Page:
Radio modernization on-track for operational test

By Kathryn Bailey, PEO C3T Public AffairsDecember 7, 2020

RIF Tactical Radio assessment
1 / 4 Show Caption + Hide Caption – Soldiers with the 1-504 Parachute Infantry Regiment participate in the PEO C3T and Network-Cross Functional Team Rapid Innovation Fund capstone event held at Yakima Training Facility, Washington, from September 13-15, 2019, where they assessed three separate commercial waveforms designed to enhance the Primary, Alternate, Contingency and Emergency plan for Soldiers when confronted with contested or congested environments. (Photo Credit: U.S. Army photo by Sayeed Hasan, PEO C3T) VIEW ORIGINAL
Tactical Radios C5ISR Integration Lab
2 / 4 Show Caption + Hide Caption – Project Manager Tactical Radio test engineers assessed vendor radio capabilities in May 2020 at the Command, Control, Communications, Computers, Cyber, Intelligence, Surveillance and Reconnaissance Systems Integration Lab, Aberdeen Proving Ground, Maryland, to ensure they met program requirements leading up to the Initial Operational Test and Evaluation. (Photo Credit: U.S. Army photo by Kathryn Bailey, PEO C3T) VIEW ORIGINAL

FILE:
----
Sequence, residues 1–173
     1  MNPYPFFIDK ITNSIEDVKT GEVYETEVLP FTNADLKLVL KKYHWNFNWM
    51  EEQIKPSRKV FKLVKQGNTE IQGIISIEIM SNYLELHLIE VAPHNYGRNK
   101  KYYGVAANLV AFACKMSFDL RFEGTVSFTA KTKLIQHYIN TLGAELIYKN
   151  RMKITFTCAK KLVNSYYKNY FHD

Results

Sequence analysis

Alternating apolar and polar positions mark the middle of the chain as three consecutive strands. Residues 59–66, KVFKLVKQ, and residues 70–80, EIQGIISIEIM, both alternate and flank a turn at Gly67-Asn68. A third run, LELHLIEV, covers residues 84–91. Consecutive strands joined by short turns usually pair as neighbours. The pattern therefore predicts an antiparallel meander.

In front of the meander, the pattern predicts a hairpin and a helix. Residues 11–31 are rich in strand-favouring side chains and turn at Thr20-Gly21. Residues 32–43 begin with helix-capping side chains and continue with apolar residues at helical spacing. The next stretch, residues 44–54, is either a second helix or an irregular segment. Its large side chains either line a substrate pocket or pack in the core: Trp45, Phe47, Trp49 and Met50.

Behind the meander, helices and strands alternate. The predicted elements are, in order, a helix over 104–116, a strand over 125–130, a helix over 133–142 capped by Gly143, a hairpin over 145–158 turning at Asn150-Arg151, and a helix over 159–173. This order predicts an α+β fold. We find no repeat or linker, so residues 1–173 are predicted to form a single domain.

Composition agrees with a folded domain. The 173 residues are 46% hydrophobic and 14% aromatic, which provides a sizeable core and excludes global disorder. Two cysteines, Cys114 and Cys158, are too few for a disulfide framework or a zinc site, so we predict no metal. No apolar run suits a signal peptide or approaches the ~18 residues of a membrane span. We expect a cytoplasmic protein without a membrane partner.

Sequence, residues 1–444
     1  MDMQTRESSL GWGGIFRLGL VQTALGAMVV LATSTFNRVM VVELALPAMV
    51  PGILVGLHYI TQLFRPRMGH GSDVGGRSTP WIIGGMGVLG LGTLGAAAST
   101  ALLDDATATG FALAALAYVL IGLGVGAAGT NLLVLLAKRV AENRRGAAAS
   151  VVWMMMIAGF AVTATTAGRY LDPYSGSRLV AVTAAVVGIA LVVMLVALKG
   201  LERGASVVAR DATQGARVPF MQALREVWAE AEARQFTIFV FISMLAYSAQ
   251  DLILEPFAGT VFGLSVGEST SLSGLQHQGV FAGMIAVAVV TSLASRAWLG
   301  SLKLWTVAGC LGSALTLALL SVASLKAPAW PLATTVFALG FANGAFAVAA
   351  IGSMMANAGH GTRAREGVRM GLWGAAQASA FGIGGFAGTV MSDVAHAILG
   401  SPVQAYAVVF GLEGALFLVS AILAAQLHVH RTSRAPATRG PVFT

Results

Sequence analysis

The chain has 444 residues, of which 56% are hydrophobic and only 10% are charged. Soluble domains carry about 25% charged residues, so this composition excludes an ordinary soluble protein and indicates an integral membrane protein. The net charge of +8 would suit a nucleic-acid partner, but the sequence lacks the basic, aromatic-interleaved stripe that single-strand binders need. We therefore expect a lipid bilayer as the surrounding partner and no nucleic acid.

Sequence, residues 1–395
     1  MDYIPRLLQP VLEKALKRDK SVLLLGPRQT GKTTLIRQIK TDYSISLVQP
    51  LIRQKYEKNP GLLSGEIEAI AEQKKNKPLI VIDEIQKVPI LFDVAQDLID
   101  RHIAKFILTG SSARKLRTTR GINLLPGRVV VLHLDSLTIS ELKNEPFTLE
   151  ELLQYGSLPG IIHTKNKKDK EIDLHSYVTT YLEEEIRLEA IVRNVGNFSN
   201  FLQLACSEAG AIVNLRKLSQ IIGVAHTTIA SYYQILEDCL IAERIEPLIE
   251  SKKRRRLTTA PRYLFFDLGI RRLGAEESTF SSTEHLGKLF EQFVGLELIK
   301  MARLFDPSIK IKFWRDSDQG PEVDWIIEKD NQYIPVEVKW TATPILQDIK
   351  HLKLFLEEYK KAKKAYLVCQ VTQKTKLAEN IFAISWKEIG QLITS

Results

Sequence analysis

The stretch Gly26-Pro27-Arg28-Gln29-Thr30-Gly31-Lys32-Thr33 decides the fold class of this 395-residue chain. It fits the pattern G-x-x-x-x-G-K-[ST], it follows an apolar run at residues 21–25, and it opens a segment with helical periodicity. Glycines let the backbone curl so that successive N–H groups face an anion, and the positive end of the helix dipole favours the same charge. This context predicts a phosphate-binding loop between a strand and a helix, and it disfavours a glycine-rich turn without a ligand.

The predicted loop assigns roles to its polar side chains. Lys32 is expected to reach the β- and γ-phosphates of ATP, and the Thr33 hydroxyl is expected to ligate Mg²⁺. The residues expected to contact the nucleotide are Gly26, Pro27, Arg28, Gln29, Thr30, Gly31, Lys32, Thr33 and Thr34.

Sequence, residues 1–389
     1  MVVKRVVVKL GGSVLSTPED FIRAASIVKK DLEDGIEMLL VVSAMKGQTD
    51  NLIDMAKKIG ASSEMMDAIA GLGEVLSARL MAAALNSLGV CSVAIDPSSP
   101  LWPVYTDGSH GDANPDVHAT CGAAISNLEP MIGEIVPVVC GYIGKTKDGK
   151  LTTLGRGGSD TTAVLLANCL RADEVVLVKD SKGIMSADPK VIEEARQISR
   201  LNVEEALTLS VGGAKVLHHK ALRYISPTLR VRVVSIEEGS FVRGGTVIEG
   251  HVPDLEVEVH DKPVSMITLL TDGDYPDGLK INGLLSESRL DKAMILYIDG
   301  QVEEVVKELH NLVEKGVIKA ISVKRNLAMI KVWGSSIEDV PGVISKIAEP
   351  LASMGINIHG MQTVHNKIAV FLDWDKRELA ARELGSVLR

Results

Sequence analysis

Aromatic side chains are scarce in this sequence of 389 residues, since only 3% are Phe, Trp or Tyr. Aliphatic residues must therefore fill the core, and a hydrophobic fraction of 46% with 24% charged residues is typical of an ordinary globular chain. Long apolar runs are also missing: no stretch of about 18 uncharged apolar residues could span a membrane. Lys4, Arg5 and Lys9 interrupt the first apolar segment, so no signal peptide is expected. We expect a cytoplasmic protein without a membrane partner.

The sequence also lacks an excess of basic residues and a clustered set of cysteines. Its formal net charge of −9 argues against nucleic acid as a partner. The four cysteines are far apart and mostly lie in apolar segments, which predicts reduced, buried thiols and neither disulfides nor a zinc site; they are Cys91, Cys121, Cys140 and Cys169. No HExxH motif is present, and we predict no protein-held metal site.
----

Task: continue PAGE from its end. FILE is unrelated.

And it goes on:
1/82 ABN Training Jump
3 / 4 Show Caption + Hide Caption – A paratrooper with the 1st Brigade, 82nd Airborne Division (1/82 ABN) participates in a training jump in March 2020. The Army chose the 1/82 ABN to assess the Manpack and Leader radio variants because of the extreme operational demands their missions place on the equipment. (Photo Credit: U.S. Army photo by Spc. Andrew Zook, 1/82 ABN) VIEW ORIGINAL
Radio assessment at C5ISR CGA
4 / 4 Show Caption + Hide Caption – Engineers from Program Executive Office Control, Communications-Tactical; Command, Control, Computers, Communications, Cyber, Intelligence, Surveillance and Reconnaissance (C5ISR) Center and three commercial radio vendors converged at the C5ISR Ground Combat Activity, Joint Base McGuire-Dix-Lakehurst, on February 27, 2020, to assess the TSM waveform’s ability to support approximately 370 radios, or a battalion’s worth, using communications and data on all three vendor radios, including the Manpack and Leader radios. (Photo Credit: U.S. Army photo by Kathryn Bailey, PEO C3T) VIEW ORIGINAL